$30.385 mil = remaining P’ton tax burden after PILOT
            24,825 = P’ton’s est. population excluding PU undergrads
            $1,224 = remaining P’ton tax burden (excluding schools)
            per non-PU-undergrad community member

            $521 for PU students. $1,224 for other community members. Hmmm! I don’t think we need another property off the tax rolls to serve PU students.

            1. Great figures. Also, please note that none of the PILOT payments go to the schools. The PU students are not making the same contributions as the rest of the community.

      2. Let;s hope the reduction or exemption from parking requirements stops for all commercial enterprises downtown. I don’t really care who is applying for the variance. The codes are determined by certain standards that are well researched. It’s inappropriate for businesses, be they profit or non-profit, to shift the parking burden onto residential taxpayers by monopolizing parking spaces on residential streets. Those profiting from their buildings need to take full responsibility for the provision of access & parking for their businesses.

  5. ALMOST 40k in property taxes now on the backs of the rest of us, as a homeowner sells their $2m property to a non-profit. When will this all end?

  6. I hope a variance is not granted to a group that discriminates against our gay and lesbian friends. The group is “non-profit” but is really a conservative, religious group that seeks to push their political agenda by recruiting future policy leaders (current Princeton students) at an early stage. Their website is very interesting. They claim that there positions are only the ones that all true Christians agree on. Apparently, you are not a true Christian according to them, if you are pro-life or believe in same-sex marriage.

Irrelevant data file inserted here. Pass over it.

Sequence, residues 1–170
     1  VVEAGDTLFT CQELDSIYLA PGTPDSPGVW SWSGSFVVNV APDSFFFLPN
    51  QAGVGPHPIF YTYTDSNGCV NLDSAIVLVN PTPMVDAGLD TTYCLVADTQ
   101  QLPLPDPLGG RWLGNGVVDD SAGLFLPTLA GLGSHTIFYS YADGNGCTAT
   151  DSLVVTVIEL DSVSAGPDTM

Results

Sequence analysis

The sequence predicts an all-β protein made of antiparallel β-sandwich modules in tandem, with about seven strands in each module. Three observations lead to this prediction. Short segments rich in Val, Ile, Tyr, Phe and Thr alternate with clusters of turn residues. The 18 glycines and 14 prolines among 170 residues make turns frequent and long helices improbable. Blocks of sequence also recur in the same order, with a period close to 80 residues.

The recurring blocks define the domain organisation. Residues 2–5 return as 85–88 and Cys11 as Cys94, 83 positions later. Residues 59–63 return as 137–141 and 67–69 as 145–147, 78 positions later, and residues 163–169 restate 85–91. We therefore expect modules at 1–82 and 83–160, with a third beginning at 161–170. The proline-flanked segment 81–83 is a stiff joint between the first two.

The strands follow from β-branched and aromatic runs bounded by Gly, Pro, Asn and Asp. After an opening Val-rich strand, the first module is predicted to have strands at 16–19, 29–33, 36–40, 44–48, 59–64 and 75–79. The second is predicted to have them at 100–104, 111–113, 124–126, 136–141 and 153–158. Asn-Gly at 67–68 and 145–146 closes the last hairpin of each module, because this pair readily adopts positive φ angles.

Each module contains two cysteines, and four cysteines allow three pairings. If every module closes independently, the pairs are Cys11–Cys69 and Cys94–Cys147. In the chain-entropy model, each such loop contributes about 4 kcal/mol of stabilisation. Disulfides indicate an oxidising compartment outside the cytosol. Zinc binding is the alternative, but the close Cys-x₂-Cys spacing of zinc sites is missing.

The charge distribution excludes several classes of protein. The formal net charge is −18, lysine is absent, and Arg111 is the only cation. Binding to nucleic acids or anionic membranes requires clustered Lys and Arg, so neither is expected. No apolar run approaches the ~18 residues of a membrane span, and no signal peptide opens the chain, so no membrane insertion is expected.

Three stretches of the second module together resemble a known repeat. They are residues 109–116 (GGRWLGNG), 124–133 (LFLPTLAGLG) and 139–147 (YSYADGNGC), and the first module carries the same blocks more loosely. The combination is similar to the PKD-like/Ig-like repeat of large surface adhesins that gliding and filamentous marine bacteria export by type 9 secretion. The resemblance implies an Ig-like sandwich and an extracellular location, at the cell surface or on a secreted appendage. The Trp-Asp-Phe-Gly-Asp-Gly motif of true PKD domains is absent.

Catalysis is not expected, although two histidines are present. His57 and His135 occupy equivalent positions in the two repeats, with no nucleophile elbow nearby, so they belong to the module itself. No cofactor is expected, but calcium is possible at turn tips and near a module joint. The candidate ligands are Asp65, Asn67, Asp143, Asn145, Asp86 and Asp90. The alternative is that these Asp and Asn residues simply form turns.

1. Using the multiple powers of local govt to prevent religions we disagree in to practice their mission seems like a perversion of democratic govt to me. Most of us could walk up/down Nassau St. and disagree vehemently with some of teachings at the various houses of worship (wine = Jesus’ blood?). That’s no reason to prevent them from existing or buying property.

      1. That’s not the point at all.

        One issue is that the property in question is in a residential zone. It is questionable that a conditional use variance to waive parking requirements was granted.

        1. @show_up:disqus — then what was the point of @PrincetonResident pointing out the religious agenda of the tenants?

          The point is the zoning policy question, and the point @djkeddie:disqus made was that the users were more likely to have a low neighborhood impact — with walking access to town and University destinations — than to have the kinds of impacts that a commercial property in a residential neighborhood would have, with paved parking spaces and frequent car trips/parking turnover.

          I agree with @jim_jenson:disqus — and also maybe with @Show Up! — that highlighting an organization’s religious tenets should have no part in the public discussion about the building’s ultimate use.

          @PrincetonLover — are you really advocating fiscal zoning? As a way of sustaining the town’s character?

          Respectfully, the questions are a lot more complicated than that. If they’re not, then the logical conclusion is resistance to affordable housing and support for tearing down all the low-value homes in town and replacing them with $2 million, high tax-generating homes. To me, that doesn’t sound like loving Princeton, it sounds like loving a very much changed Princeton.

      2. All religious organization should follow the law. This particular group is asking for the law to be waived. If they wanted to, they could have bought a property that permitted their intended use.

  7. Is anyone aware of the appeal process regarding Planning Board decisions? (Time frame? Notifications? Procedures?)

  8. Krystal — what variances were granted at the PB hearing? Was a use variance for a non-residential use needed and granted?